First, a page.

From a long essay on Wharton by Hermione Lee, author of a new biography of Wharton, in The Guardian .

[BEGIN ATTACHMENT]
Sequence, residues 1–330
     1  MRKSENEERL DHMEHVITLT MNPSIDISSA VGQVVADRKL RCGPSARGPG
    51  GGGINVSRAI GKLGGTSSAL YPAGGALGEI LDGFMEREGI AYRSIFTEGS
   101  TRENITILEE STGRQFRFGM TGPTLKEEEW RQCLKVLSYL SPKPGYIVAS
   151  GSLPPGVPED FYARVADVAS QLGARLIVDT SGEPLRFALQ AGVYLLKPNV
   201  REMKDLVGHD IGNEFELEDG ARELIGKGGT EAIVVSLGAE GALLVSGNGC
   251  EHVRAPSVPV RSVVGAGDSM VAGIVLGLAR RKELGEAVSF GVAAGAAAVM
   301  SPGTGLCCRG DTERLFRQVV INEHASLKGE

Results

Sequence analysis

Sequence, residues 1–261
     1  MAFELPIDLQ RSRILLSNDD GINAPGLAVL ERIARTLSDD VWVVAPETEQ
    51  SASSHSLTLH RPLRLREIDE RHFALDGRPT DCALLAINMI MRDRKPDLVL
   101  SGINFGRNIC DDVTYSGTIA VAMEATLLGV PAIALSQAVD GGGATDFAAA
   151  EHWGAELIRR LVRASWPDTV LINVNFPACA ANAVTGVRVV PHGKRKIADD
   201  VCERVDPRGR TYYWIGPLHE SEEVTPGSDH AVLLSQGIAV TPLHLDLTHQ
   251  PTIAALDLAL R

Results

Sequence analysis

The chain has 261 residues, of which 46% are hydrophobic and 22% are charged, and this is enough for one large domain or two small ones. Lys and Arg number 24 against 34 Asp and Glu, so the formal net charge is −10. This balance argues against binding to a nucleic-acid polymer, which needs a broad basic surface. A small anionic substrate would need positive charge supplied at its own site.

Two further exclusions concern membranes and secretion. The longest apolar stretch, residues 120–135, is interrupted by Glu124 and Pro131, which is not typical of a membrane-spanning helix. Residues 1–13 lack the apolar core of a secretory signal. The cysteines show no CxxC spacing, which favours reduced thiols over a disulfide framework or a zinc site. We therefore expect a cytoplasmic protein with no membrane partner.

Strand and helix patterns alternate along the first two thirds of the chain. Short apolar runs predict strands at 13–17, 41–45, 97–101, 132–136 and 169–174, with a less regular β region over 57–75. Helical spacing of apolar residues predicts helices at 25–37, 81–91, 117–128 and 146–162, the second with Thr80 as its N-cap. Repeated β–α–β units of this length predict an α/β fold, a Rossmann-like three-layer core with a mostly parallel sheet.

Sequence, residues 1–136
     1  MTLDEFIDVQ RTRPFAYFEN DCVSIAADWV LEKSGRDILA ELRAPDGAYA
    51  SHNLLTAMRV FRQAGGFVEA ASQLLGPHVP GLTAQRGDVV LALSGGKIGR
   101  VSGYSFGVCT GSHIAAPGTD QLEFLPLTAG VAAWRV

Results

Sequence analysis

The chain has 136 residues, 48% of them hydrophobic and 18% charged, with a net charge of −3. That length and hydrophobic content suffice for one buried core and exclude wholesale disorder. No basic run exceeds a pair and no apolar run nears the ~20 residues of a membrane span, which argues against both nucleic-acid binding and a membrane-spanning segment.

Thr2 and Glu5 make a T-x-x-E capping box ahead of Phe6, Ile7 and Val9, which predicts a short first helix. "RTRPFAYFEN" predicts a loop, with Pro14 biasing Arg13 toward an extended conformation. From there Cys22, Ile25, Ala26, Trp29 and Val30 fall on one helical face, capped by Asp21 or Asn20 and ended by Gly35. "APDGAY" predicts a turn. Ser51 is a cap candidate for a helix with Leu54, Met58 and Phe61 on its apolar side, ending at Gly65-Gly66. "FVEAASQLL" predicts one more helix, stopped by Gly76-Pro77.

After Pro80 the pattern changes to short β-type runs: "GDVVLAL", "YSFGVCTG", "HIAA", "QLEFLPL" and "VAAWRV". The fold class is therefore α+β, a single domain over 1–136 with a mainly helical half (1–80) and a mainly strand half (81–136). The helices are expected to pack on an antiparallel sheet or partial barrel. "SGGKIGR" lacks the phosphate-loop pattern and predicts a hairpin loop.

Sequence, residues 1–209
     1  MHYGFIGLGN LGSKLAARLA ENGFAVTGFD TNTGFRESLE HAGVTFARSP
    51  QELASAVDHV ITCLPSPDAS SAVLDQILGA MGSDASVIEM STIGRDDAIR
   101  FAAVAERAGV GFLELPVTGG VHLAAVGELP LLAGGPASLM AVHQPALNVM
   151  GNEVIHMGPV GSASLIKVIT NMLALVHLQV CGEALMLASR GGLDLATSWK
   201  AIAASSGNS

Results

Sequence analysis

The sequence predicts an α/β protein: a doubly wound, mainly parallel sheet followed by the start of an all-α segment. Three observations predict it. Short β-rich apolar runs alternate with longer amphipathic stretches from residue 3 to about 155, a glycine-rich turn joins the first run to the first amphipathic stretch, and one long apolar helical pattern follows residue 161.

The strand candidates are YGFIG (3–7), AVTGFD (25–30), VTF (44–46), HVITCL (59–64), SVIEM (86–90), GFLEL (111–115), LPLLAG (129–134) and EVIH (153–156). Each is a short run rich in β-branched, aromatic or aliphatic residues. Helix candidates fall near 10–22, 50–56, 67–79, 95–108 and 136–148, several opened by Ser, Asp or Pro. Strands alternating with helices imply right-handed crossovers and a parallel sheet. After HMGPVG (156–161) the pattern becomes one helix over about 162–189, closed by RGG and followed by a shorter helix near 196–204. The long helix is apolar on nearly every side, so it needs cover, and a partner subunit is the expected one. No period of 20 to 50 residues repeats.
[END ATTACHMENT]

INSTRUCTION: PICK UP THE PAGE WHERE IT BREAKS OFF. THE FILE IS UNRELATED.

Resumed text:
I am writing a life of Edith Wharton, the great American novelist who lived from 1862 to 1937. This work has involved me in some wonderful journeys, because as well as writing 45 books, Wharton was also a traveller, a wartime administrator, a house designer and a gardener. She thought architecturally - in an early story she says "a woman's nature is like a great house full of rooms" - and to visit her houses is also to understand her character and her way of life. The first two houses she decorated, soon after her unfortunate marriage to Teddy Wharton, were in Newport, Rhode Island, but her third house, which she had designed and built, was The Mount, built on a hillside in Lenox, Massachusetts, between 1901 and 1902. Her friend Henry James called it a "delicate French chateau mirrored in a Massachusetts pond". It was certainly designed - by the architect Francis Hoppin, with some indoor help from Ogden Codman - with Europe in mind.You can see reflected in it the principles of design she had expressed in her first book, co-authored with Codman in 1897, The Decoration of Houses. She wanted to import European style to American house design, but not in a superficial or flashy way. The Mount cost about $80,000 all told, but that was much less than some of the other grandiose millionaires' "cottages" in Lenox.